The online marketplace has long been subject to hackers and other malicious actors. The Company’s business is an online-based platform and will be subject to these same hacking risks. The Company has written and maintains a cybersecurity policy that outlines an extensive list of controls and supervisory practices in place reasonably designed to diligently supervise the risks of unauthorized access or attack of its information technology systems, and to respond appropriately should unauthorized access or cyber-attack occur. The Company, in conjunction with its third party vendors, will continually work to improve existing security protocols and develop new security techniques and software to address future threats to the platform, its users and valuable assets. The Company’s policy of air-gapping its digital assets from the internet to the extent possible means that its digital currency assets should not be reached by an online penetration of its security framework, thereby limiting the impact of a hacking event on the overall Company. The platform will have similar air-gapping and private key protections for its users’ digital currency wallets. As such, similar hacking attacks should have limited success in illegally transferring user data and digital currency assets if they gain illegal access to the platform.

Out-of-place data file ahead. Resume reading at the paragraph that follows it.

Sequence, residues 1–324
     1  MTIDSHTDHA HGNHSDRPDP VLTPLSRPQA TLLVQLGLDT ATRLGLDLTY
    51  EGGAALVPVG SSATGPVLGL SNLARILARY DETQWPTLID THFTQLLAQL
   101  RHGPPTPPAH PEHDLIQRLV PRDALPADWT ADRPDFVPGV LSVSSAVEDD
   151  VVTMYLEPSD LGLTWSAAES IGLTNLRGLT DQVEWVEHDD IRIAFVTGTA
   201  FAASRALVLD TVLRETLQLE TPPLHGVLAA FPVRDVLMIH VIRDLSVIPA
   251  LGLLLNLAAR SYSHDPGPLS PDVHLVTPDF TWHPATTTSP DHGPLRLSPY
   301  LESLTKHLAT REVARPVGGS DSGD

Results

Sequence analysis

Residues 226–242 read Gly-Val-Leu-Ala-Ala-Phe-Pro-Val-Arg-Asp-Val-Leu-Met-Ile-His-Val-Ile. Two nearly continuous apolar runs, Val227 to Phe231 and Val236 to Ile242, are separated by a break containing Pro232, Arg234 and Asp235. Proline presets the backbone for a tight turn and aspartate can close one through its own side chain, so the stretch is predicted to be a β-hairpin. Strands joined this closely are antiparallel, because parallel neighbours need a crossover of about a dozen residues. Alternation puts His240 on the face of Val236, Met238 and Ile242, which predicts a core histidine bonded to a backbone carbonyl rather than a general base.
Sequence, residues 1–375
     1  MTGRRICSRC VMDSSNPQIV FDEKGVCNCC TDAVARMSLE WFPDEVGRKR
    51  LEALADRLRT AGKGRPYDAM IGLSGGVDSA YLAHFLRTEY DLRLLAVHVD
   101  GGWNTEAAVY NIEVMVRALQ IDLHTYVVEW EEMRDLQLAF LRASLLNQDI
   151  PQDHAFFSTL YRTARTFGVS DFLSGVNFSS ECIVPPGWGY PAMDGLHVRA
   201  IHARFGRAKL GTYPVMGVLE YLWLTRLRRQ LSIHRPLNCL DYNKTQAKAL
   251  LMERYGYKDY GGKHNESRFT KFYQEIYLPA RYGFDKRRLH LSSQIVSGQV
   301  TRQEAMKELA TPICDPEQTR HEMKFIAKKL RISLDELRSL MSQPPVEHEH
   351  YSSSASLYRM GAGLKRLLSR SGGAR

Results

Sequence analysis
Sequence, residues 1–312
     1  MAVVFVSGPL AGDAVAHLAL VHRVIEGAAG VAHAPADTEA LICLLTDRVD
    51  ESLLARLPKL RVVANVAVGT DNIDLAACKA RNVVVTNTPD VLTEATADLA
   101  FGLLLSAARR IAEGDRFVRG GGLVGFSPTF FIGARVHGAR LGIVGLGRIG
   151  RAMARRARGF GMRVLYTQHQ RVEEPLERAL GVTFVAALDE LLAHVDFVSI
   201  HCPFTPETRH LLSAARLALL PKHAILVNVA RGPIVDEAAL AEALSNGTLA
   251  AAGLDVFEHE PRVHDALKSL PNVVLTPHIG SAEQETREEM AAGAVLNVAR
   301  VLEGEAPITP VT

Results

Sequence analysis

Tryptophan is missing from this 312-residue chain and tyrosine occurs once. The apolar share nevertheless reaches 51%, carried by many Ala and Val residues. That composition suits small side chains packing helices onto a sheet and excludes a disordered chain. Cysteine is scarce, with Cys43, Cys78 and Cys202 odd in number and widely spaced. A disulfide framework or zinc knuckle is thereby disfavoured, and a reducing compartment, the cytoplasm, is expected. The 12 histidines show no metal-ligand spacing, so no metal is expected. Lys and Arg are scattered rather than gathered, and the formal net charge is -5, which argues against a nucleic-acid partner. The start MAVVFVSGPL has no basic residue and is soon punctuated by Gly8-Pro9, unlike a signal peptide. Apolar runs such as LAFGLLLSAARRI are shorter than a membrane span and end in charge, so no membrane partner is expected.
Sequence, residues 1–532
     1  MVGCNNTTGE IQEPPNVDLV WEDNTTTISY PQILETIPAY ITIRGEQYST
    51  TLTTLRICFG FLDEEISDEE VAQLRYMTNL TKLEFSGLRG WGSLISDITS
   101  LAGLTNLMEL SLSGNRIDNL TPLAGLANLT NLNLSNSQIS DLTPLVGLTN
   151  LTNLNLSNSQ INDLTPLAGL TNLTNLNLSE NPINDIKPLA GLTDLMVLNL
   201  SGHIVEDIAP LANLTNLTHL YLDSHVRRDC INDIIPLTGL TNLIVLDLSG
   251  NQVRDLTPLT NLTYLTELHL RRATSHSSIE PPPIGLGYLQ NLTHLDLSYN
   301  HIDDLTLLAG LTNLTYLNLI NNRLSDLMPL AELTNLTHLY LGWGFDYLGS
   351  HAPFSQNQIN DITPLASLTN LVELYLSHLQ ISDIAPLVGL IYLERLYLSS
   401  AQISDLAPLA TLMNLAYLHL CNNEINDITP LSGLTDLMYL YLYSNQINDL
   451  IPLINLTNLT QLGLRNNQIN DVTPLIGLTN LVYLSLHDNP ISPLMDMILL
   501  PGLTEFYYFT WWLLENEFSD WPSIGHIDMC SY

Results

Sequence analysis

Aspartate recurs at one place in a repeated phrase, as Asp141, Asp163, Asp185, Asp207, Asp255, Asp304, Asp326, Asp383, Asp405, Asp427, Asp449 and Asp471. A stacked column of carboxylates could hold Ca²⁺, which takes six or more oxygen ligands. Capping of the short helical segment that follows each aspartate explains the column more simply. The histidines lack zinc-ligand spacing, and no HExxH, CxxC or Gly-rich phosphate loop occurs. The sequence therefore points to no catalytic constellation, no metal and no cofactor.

Although the Company will implement these anti-hacking measures, the platform remains exposed to risks from: DDoS attacks to limit the availability of exchange services or otherwise disrupt normal operations; account takeover attempts in which the platform users are targeted by hackers or other illegal actors to gain access to login credentials, which could allow the illicit user to transfer user assets held via the platform or commit other fraud; targeted software exploits designed to take advantage of vulnerabilities and flaws in the underlying software components of the exchange, digital wallets, and web services provided to the platform over which the Company has little to no control in order to gain access to or transfer of user digital currency assets; potential misdirection of funds and assets by online “spoofers” posing as the platform representatives, by man in the middle interceptions of the digital transfers similar to wire-tapping, browser session tampering in which the user’s internet service provider is compromised, and malware that is designed or may be designed to target the digital signal of digital currency exchanges in order to redirect exchanged assets away from their intended recipients; phishing activities in which user login credentials are stolen; natural disasters temporarily or permanently disabling our physical servers; human error and insider threats to our servers and the platform; and other unforeseen or unforeseeable threats to the platform. The occurrence of any one or a number of these risk factors could have a material negative impact on our business, resulting in a decline in the trading price of shares of our common stock. Should this occur, our investors could lose some or all of their investment in our common stock; accordingly, investors in our Company should seriously consider these risk factors when considering investing in our Company.